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ISRN Applied Mathematics
Volume 2012 (2012), Article ID 518361, 10 pages
http://dx.doi.org/10.5402/2012/518361
Research Article

Extension of Zhou's Method to Neutral Functional-Differential Equation with Proportional Delays

1Department of Mathematics, Harbin Institute of Technology, Harbin 150001, China
2Department of Mathematics, Sinnar University, Singa 107, Sudan

Received 30 January 2012; Accepted 19 February 2012

Academic Editors: C.-H. Lien and S. Prudhomme

Copyright © 2012 Sabir Widatalla. This is an open access article distributed under the Creative Commons Attribution License, which permits unrestricted use, distribution, and reproduction in any medium, provided the original work is properly cited.

Abstract

The differential transform method (DTM) is a reliable method applied by providing new theorems to develop exact and approximate solutions of neutral functional-differential equation (NFDE) with proportional delays. The results obtained with the proposed methods are in good agreement with one obtained by other methods. The advantages of this technique are illustrated. It is easy to see that the DTM is very accurate and easy to implement in finding analytical solutions of wide classes of linear and nonlinear NFDEs.

1. Introduction

The neutral functional-differential equation (NFDE) is 𝜎𝑢(𝑡)+𝑎(𝑡)𝑢𝑚(𝑡)(𝑚)=𝛽𝑢(𝑡)+𝑚1𝑘=0𝑏𝑘(𝑡)𝑢𝑘𝜎𝑘(𝑡)+𝑓(𝑡),𝑡0,(1.1) under the conditions 𝑚1𝑘=0𝑐𝑖𝑘𝑢(𝑘)(0)=𝜆𝑖,𝑖=0,1,,𝑚1,(1.2) where 𝑎,𝑏𝑘,𝜎𝑘 are analytical functions; 𝛽,𝑐𝑖𝑘 and 𝜆𝑖𝒞. A classical case [1] 𝜎𝑘(𝑡)=𝑡𝜏𝑘,𝑘=0,1,,𝑚,(1.3) where 𝜏𝑘 is positive. Another interesting case [2] is 𝜎𝑘(𝑡)=𝑞𝑘𝑡,𝑘=0,1,,𝑚,(1.4) where 0<𝑞𝑘<1. Both cases are playing an interesting role in many applications (see [1, 2] and references therein). In recent years, there has been a growing interest in the numerical treatment of NFDE, some of which are the Adams method [3], continuous Runge-Kutta methods [4], segmented Tau approximation [5], Homotopy perturbation method [6], one-leg 𝜃-methods [7, 8], and variational iteration method [9].

In this paper we consider the following neutral functional-differential equations with proportional delays.

Problem 1. Consider𝑢(𝑡)=𝛽𝑢(𝑡)𝑎(𝑡)𝑢𝑞𝑡𝑞+𝑓𝑡,𝑢(𝑡),𝑢𝑖𝑡,𝑢𝑞𝑖𝑡,𝑖=1,2,...,1,𝑢(0)=𝑢0.(1.5)

Problem 2. Consider𝑢(𝑚)(𝑡)=𝛽𝑢(𝑡)𝑎(𝑡)𝑢(𝑚)𝑞𝑡𝑞+𝑓𝑡,𝑢(𝑡),𝑢𝑖𝑡,𝑢𝑞𝑖𝑡,𝑢𝑞𝑖𝑡,...,𝑢(𝑚1)𝑞𝑖𝑡,𝑚1𝑘=0𝑐𝑗𝑘𝑢(𝑘)(0)=𝜆𝑗,𝑗=0,1,2,...,𝑚1,(1.6) where 𝑎,𝑓 are analytical functions; 𝛽,𝑐𝑗𝑘 and 𝜆𝑗 are real or complex constants; 0<𝑞𝑖<1,𝑖=1,2,,.

The basic motivation of this work is to extend the differential transform method (DTM) by presenting and proving new theorems to create the exact or approximate solutions to a high degree of accuracy to the Problems 1 and 2. The DTM is a numerical-analytical technique that was first proposed by Zhou (1986) [10], who solved problems in electric circuit analysis. Since then, DTM was successfully applied for a large variety problems. For example, differential-difference equations [11], Volterra integral equation with separable kernels [12], MHD boundary-layer equations [13], linear and nonlinear systems of partial differential equations [14], and nonlinear oscillators with fractional nonlinearities [15]. To the best of our knowledge differential transform method has not be used by any researcher before to solve NFDE. By this method it is possible to obtain highly accurate results when compared with existing results from variational iteration method [9] and homotopy perturbation method [6].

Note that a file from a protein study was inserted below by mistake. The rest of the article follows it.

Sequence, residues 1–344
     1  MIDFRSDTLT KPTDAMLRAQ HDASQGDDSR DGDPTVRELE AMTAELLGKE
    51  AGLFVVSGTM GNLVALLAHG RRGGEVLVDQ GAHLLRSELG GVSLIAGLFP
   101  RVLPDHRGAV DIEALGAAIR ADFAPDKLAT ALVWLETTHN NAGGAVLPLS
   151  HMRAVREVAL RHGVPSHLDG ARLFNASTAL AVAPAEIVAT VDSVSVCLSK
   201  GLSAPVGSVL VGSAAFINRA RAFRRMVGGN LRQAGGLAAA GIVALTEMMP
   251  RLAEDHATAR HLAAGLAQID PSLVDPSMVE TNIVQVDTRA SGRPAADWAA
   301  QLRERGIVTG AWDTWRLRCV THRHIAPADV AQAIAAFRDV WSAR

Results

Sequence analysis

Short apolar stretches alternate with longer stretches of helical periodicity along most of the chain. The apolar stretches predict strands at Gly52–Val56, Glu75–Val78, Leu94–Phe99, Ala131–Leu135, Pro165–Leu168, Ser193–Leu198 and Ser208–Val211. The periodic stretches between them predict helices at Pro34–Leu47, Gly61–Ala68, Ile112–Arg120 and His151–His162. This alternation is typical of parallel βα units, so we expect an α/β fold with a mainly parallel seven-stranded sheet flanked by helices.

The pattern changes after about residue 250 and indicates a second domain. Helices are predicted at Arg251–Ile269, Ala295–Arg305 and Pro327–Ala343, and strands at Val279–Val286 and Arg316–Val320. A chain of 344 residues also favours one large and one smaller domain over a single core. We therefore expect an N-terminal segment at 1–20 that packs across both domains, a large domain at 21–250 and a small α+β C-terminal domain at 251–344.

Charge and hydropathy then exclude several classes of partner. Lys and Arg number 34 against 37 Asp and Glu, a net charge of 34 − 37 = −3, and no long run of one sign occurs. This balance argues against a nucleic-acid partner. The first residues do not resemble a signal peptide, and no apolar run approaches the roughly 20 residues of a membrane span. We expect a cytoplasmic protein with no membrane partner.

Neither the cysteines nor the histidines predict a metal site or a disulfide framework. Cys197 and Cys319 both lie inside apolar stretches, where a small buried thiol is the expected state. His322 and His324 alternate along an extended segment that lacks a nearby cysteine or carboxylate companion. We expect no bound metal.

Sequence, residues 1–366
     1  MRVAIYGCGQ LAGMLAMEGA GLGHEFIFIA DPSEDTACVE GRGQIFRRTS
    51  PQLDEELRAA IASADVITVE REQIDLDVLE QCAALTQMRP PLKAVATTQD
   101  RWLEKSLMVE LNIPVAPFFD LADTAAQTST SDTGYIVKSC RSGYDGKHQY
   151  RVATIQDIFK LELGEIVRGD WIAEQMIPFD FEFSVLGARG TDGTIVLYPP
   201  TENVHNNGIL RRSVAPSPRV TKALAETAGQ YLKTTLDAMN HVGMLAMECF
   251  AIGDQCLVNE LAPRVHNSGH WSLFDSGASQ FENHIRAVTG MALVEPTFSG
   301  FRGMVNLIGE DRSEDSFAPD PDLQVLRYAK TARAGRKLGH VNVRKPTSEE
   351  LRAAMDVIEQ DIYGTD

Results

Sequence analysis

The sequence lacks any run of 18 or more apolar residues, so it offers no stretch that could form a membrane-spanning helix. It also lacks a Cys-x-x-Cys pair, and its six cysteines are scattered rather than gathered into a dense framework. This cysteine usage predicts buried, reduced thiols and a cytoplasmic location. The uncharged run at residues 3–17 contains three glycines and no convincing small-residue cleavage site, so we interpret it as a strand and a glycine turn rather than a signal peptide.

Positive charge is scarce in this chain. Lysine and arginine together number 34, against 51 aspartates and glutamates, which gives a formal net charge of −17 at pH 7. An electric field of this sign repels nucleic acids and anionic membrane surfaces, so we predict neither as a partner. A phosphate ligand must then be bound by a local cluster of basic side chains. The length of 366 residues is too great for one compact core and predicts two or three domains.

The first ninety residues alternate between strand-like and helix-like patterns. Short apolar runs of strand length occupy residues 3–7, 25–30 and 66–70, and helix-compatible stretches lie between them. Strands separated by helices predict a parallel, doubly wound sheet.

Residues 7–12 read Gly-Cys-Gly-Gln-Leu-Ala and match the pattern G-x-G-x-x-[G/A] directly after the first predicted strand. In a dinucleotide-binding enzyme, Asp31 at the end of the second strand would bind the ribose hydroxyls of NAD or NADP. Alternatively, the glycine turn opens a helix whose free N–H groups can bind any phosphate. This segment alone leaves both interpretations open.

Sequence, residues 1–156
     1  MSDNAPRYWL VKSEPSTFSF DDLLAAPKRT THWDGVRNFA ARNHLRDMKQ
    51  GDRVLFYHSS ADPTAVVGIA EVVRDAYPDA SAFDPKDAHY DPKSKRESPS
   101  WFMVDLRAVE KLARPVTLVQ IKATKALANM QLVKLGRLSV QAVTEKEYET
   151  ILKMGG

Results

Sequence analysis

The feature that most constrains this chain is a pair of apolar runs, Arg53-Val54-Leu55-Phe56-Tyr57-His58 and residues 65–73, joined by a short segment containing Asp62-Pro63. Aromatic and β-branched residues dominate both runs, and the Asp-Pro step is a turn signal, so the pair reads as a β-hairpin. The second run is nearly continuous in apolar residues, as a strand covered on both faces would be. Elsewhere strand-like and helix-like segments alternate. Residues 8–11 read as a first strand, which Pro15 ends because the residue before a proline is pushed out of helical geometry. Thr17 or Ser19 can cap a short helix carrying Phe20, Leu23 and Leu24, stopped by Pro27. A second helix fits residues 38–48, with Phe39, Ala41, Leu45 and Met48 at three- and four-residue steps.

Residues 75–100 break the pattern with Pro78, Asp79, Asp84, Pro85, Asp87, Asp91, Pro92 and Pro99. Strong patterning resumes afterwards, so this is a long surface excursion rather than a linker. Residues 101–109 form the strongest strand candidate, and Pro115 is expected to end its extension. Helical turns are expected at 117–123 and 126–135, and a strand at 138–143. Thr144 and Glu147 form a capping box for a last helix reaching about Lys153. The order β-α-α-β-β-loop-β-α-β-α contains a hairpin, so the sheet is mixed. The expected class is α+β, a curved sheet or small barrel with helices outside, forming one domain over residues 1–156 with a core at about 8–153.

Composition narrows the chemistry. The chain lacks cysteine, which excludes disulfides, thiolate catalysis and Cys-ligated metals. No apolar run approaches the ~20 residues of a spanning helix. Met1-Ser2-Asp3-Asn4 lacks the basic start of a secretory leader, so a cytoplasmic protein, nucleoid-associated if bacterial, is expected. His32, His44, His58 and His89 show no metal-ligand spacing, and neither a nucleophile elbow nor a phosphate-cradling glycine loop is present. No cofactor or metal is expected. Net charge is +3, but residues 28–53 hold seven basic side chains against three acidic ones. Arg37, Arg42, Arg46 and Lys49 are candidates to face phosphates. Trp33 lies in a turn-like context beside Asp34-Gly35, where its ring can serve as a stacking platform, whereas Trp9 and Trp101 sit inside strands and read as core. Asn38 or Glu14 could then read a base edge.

2. Basic Idea of Differential Transform Method

The differential transform of the 𝑘th derivative of a function 𝑢(𝑡) is defined as follows: 1𝑈(𝑘)=𝑑𝑘!𝑘𝑑𝑡𝑘𝑢(𝑡)𝑡=𝑡0.(2.1) The original and transformed functions are denoted throughout this paper by small and capital letters, respectively. The differential inverse transform of 𝑈(𝑘) is defined as 𝑢(𝑡)=𝑁𝑘=0𝑈(𝑘)𝑡𝑡0𝑘,for𝑁.(2.2) And from (2.1) and (2.2): 𝑢(𝑡)=𝑁𝑘=01𝑑𝑘!𝑘𝑑𝑡𝑘𝑢(𝑡)𝑡=𝑡0𝑡𝑡0𝑘,for𝑁,(2.3) which is actually the Taylor series expansion of 𝑢(𝑡) about the point 𝑡0.

The fundamental mathematical operations performed by one-dimensional differential transform can be obtained from (1.5) and (1.6) in Table 1 (also, see [10]).

tab1
Table 1: Fundamental operations of differential transformation.

3. Main Results

In the following theorems, we find the differential transformations of given functions. These results are very useful in our approach for solving NFDEs.

Theorem 3.1. Suppose that 𝑈(𝑘),𝐹(𝑘), and 𝐺(𝑘) are the differential transformations of the functions 𝑢(𝑡),𝑓(𝑡), respectively, and 𝑔(𝑡) and 0<𝑞,𝑞𝑖<1, for 𝑖=1,2,,𝑚: (I)if 𝑢(𝑡)=𝑓(𝑞𝑡), then 𝑈(𝑘)=𝑞𝑘𝐹(𝑘), (II)if 𝑢(𝑡)=𝑑𝑛𝑓(𝑞𝑡)/𝑑(𝑞𝑡)𝑛, then 𝑈(𝑘)=𝑞𝑘((𝑘+𝑛)!/𝑘!)𝐹(𝑘+𝑛), (III)if 𝑢(𝑡)=𝑔(𝑡)𝑑𝑛𝑓(𝑞𝑡)/𝑑(𝑞𝑡)𝑛, then 𝑈(𝑘)=𝑘=0𝑞𝑘(𝑘+𝑛)(𝑘)!𝐺()𝐹(𝑘+𝑛),(3.1)(IV)if 𝑢(𝑡)=(𝑑𝑛/𝑑(𝑞1𝑡)𝑛)[𝑓(𝑞1𝑡)](𝑑𝑚/𝑑(𝑞2𝑡)𝑚)[𝑔(𝑞2𝑡)], then 𝑈(𝑘)=𝑘=0𝑞1𝑞2𝑘(+𝑛)!(𝑘+𝑚)!(𝑘)!()!𝐹(+𝑛)𝐺(𝑘+𝑚),(3.2)(V)if 𝑢(𝑡)=(𝑑𝑛1/𝑑(𝑞1𝑡)𝑛1)[𝑓1(𝑞1𝑡)](𝑑𝑛2/𝑑(𝑞2𝑡)𝑛2)[𝑓2(𝑞2𝑡)](𝑑𝑛𝑚1/𝑑(𝑞𝑚1𝑡)𝑛𝑚1)[𝑓𝑚1(𝑞𝑚1𝑡)(𝑑𝑛𝑚/𝑑(𝑞𝑚𝑡)𝑛𝑚)[𝑓𝑚(𝑞𝑚𝑡)], then 𝑈(𝑘)=𝑘𝑚1=0𝑚1𝑚2=032=021=0𝑞11𝑞212𝑞𝑚1𝑚2𝑚1𝑞𝑘𝑚1𝑚×1+𝑛1!1!21+𝑛2!21!𝑚1𝑚2+𝑛𝑚1!𝑚1𝑚2!𝑘𝑚1+𝑛𝑚!𝑘𝑚1!×𝐹11+𝑛1𝐹221+𝑛2𝐹𝑚1𝑚1𝑚1+𝑛𝑚1𝐹𝑚𝑘𝑚1+𝑛𝑚.(3.3)

Proof. (I), (II) The proof follows immediately by substituting 𝑢(𝑡) into (2.1).